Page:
AS she enters her second year in power, Premier Christy Clark appears to be headed for one of two destinies: she will either be the Comeback Kid, or the second coming of Rita Johnston.
You remember Rita Johnston, of course. She took over a badly wounded Social Credit party after Bill Vander Zalm was forced to step down in disgrace. She led the party into the disastrous 1991 election, which pretty well finished the party off for good.
Johnston wasn't able to convince voters much had changed with her party and government, even though her scandal-plagued predecessor was gone. Clark appears to be experiencing the same trouble.
The parallels between today and 1991 are striking. Then, we had a government that had clearly overstayed its welcome and we had an NDP Opposition chomping at the bit to form government after an election it expected to win easily.
But we also had another fledgling political party ready to make a splash, and it did just that. That party, of course, was the B.C.
Liberals, who vaulted to official Opposition status on the strength of a single sound bite from then-leader Gordon Wilson in the leaders' debate.
Today, we are waiting to see whether another third party - this time, the B.C. Conservatives - can emulate the 1991 success of the B.C. Liberals.
So the table is certainly set for a replay of the Rita Johnston disaster.
The comeback scenario is difficult to imagine, but it's been successfully pulled off before. Most recently, Ontario Premier Dalton McGuinty and Manitoba Premier Greg Selinger both fought back to win elections even after trailing in the polls by double-digit margins.
In B.C., the model for the Comeback Kid is another Clark - as in Glen. He took over what seemed like a doomed NDP in 1996 and upset the B.C. Liberals, who at one point seemed a shoo-in to win.
For Christy Clark to emulate her namesake's victory, she needs to beat back the challenge posed by the fledgling B.C. Conservative party, which is eating into her support in significant fashion. The defection of disaffected MLA John van Dongen to that party may make that task even harder.
The one silver lining for Clark and her party is that a series of opinion polls haven't shown any real growth in NDP support. It remains at its traditional level of around 43 per cent.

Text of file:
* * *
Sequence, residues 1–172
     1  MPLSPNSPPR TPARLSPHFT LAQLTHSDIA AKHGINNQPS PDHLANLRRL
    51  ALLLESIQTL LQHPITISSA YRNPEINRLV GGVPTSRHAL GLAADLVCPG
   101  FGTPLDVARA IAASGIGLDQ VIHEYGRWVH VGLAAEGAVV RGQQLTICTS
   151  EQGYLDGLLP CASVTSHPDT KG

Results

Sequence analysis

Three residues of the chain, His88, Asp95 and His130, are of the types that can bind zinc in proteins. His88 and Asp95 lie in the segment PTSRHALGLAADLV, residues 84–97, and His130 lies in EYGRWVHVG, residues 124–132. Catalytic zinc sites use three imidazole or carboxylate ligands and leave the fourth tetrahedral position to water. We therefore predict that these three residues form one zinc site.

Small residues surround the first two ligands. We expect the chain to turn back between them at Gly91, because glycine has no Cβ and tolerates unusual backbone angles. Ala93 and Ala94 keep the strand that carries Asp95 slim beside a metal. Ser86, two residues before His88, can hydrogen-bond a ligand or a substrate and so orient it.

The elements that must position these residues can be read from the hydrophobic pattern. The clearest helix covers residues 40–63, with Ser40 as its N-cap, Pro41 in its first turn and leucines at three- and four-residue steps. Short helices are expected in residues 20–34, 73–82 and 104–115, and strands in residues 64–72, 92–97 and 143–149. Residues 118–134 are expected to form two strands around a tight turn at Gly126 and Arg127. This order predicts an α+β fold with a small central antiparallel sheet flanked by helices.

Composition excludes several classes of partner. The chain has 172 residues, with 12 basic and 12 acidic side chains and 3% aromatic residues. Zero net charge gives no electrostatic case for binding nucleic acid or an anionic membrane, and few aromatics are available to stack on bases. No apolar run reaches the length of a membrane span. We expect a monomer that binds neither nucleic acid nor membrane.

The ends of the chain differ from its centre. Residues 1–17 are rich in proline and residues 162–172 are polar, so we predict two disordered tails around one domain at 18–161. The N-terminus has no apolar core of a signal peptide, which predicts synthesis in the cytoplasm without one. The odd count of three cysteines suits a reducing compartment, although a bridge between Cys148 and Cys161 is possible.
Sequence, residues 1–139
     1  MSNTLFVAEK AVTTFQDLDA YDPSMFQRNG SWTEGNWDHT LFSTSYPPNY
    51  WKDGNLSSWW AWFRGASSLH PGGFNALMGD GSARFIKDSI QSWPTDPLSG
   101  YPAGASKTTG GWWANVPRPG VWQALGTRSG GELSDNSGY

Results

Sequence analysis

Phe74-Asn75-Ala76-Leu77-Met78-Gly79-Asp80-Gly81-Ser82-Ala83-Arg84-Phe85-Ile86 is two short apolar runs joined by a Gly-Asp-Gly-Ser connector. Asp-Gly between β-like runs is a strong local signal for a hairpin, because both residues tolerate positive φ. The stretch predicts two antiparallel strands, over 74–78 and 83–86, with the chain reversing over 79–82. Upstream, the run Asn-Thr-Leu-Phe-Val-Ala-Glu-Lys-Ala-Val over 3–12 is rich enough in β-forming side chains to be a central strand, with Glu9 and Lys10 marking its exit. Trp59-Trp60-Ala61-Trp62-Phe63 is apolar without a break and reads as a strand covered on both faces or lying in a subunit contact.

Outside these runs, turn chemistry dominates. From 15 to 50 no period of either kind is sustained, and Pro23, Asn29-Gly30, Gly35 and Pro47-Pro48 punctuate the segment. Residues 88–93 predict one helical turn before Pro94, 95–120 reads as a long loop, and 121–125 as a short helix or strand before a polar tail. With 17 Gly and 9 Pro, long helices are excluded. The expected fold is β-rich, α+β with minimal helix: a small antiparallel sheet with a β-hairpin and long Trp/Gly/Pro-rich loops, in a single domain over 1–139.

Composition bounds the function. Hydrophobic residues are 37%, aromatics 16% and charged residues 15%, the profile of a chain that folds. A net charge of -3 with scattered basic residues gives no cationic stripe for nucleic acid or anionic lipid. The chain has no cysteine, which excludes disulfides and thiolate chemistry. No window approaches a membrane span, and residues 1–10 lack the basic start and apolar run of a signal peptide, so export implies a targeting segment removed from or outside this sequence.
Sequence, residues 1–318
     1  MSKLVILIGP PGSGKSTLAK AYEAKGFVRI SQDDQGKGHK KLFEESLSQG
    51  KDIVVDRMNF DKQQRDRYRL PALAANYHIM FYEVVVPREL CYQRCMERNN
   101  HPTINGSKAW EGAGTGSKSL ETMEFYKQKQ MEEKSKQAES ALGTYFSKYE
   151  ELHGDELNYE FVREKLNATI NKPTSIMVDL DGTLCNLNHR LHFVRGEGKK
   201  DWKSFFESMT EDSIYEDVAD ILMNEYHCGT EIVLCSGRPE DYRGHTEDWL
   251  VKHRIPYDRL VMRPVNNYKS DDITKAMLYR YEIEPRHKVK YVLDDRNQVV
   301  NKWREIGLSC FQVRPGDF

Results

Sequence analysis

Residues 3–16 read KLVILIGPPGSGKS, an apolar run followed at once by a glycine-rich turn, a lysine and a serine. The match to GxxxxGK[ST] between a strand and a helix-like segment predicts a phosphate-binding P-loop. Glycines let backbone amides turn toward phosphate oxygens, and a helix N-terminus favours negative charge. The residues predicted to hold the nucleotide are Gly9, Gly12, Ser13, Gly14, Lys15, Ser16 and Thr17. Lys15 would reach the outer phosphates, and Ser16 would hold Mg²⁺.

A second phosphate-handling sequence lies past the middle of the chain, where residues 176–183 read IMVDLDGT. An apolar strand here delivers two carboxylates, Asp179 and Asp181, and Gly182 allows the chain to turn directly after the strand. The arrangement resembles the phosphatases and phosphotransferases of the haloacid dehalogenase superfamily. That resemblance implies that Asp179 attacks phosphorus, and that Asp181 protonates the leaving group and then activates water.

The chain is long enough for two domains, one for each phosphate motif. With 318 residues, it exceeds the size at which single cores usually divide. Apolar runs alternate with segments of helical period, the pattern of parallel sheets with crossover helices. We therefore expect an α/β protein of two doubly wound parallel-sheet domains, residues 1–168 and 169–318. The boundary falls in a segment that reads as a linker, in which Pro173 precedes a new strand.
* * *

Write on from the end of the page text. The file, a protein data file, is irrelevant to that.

That would suggest if her party can woo most of the B.C. Conservative support back into the fold, it can become a competitive race again for the B.C. Liberals.
Of course, the exact opposite scenario could occur as well. What if the B.C.
Conservatives are the party that grows in popularity, and just drains the B.C. Liberals of even more support?
Former Reform MP Randy White - who is advising B.C. Conservative leader John Cummins - claims at least several more sitting B.C.
Liberal MLAs are poised to come their way.
He won't name names, and this past week a majority of the B.C. Liberal caucus had to run through a gauntlet of reporters who wanted to know if they were running again, whether they supported the premier, and if they still supported the party.
Not a single one of them strayed from the party line. So if White is correct, then some of them aren't telling the truth. Of course, White could be wrong as well. I remember former B.C. Liberal leader Gordon Wilson insisting, in the late 1980s, that as many as six Social Credit MLAs were about to bolt to his party. None did.
Another tiny opening for Clark may be Cummins himself. At the news conference where he welcomed van Dongen with open arms, he seemed shaky and had trouble remembering that he once voted for a federal bill that would have outlawed the floor crossing van Dongen had just performed.
As he comes under more scrutiny, Cummins will have to do better. If he doesn't, Clark may have an advantage. Cummins' age may also work against him; if he's on the television leader's debate, his elderly status will be contrasted to the much more youthful Clark and Adrian Dix, and that won't help him.
So will the B.C. Conservatives turn out to be the latest version of those 1991 B.C. Liberals? Will Christy Clark endure the same fate that befell Johnston and the Socred dynasty?
Or can she get back off the mat, and use the other Clark as inspiration for a more successful outcome, and truly become the Comeback Kid?
The latter scenario is going to be a lot tougher to pull off than the former one.
Keith Baldrey is chief political reporter for Global BC.